Equifax blames coding issue for credit rating snafu

A coding problem at credit reporting agency Equifax (EFX) resulted in inaccurate credit reports being sent to potentially millions of consumers.

The Atlanta-based company issued a statement Tuesday that “there has been no shift in the vast majority of reviews” and that “credit reports were unaffected.”

The lending giant said it fixed the problem, which began in mid-March and lasted about three weeks.

“This issue… resulted in a possible miscalculation of certain attributes used in model calculations. We can confirm that the issue was resolved on April 6,” the statement said.

The company said that “a score shift does not necessarily mean that a consumer’s credit decision has been negatively impacted.”

Equifax said it is not taking the issue lightly and the full extent of the damage is still being determined.

“Our data shows that fewer than 300,000 consumers experienced a score shift of 25 points or more,” Equifax said.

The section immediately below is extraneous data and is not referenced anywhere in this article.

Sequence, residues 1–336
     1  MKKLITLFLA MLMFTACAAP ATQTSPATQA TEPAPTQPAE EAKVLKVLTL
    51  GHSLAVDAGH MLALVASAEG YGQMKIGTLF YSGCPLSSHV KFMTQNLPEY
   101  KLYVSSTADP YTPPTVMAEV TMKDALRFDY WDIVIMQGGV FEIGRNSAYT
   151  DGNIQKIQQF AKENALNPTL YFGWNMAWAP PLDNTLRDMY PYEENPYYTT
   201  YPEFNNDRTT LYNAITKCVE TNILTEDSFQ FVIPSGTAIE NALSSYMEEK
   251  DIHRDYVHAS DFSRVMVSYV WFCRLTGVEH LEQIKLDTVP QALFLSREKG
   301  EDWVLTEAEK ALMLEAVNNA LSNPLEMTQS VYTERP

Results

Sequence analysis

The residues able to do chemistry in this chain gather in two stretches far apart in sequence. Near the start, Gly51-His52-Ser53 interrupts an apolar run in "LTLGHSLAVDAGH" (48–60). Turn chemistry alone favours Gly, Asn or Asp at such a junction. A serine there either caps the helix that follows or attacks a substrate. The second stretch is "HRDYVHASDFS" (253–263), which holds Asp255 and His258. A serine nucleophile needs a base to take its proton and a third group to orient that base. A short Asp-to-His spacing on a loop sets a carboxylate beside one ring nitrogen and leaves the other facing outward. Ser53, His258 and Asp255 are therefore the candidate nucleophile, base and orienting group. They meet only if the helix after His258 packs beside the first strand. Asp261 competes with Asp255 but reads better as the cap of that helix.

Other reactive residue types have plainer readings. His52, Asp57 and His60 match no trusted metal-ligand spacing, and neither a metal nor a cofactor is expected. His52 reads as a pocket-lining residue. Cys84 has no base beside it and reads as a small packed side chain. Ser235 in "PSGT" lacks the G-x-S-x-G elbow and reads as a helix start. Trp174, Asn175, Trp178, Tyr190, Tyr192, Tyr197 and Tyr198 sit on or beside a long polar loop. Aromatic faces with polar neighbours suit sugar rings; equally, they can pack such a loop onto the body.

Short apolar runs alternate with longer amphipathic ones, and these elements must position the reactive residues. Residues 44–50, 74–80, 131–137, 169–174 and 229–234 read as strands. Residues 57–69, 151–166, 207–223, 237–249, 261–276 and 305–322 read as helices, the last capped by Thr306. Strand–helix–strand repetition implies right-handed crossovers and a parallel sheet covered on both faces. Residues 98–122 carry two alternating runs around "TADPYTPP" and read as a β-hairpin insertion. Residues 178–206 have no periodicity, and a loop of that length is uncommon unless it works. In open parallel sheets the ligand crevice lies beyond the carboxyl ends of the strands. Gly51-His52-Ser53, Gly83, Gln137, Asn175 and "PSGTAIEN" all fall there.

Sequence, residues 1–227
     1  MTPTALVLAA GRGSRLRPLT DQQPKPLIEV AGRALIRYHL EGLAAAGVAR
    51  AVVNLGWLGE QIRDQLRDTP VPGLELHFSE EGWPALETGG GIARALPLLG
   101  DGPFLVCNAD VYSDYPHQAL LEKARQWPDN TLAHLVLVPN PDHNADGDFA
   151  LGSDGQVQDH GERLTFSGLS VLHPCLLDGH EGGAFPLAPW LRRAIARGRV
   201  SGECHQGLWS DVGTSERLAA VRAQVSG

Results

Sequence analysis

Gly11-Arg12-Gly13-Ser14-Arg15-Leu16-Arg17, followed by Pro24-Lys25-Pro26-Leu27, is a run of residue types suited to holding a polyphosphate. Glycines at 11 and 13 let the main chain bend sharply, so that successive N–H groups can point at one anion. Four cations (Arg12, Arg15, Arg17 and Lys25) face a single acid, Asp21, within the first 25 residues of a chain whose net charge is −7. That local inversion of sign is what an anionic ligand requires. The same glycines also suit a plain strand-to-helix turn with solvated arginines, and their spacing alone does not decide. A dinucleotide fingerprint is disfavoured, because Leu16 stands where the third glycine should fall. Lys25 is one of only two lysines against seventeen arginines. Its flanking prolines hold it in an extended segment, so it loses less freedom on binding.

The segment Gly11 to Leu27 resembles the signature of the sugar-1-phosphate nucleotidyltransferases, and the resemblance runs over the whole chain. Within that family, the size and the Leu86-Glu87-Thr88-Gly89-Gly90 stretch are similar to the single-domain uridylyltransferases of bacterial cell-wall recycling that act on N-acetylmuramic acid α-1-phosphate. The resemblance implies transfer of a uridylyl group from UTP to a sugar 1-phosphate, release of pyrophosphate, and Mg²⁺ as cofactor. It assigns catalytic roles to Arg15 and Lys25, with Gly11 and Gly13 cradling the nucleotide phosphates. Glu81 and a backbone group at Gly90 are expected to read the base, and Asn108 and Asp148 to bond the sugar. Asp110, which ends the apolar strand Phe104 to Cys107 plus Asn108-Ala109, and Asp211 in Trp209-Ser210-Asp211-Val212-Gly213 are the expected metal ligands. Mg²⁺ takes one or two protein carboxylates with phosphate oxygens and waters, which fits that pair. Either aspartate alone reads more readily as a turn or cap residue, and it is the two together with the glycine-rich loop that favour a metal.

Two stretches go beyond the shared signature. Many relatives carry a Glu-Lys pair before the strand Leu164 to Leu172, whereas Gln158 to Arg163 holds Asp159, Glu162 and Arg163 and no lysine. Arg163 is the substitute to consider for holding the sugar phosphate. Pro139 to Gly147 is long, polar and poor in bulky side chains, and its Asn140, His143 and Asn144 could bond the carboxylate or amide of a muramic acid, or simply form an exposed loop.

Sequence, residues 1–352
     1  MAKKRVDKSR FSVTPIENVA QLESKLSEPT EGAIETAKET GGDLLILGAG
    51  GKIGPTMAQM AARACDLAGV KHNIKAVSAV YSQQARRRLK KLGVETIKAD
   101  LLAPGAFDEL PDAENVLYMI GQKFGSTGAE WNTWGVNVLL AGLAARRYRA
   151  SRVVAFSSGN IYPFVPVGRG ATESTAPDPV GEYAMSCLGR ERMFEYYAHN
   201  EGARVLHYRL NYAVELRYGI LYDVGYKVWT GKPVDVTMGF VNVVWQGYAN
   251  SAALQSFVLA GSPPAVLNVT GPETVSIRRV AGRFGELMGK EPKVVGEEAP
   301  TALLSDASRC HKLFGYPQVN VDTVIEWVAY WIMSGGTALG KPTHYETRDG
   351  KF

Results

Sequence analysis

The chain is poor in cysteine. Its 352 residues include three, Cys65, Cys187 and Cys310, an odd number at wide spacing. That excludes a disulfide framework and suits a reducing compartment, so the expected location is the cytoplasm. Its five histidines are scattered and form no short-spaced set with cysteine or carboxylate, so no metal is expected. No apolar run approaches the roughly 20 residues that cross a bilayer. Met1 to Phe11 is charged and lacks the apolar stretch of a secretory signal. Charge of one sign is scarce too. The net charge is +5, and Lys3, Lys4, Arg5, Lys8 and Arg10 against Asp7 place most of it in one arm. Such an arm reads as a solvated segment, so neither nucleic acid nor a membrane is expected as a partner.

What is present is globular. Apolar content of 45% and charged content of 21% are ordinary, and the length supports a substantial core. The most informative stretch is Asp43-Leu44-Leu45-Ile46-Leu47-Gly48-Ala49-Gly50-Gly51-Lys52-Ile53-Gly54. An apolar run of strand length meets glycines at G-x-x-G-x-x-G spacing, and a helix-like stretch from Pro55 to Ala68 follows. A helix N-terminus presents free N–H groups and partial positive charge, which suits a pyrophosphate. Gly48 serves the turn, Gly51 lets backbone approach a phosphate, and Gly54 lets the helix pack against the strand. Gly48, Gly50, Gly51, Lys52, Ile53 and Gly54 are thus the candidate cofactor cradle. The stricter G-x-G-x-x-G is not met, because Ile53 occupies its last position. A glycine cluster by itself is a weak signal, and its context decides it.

The Wall Street Journal reported Tuesday that the coding problem affected millions of consumers looking for credit. The Journal quoted bank executives and people familiar with the matter, none of whom were named in the report.

Affected consumers included those applying for auto loans, mortgages and credit cards from major banks and non-banks. These big banks and non-bank lenders JP Morgan Chase & Co., Wells Fargo & Co. and Ally Financial Inc.

Equifax is one of the largest multinational consumer credit reporting agencies in the United States

On Wednesday, shares of Equifax fell 2.1% in early trade. The stock rallied to close at $213.01, a gain of $6.70, or 3.25%.

Equifax logo
Equifax cleared its executives of any wrongdoing in the sale of company stock before the breach became public knowledge.
Photo: Screenshot via Equifax Equifax blames coding issue for credit rating snafu

Fry Electronics Team

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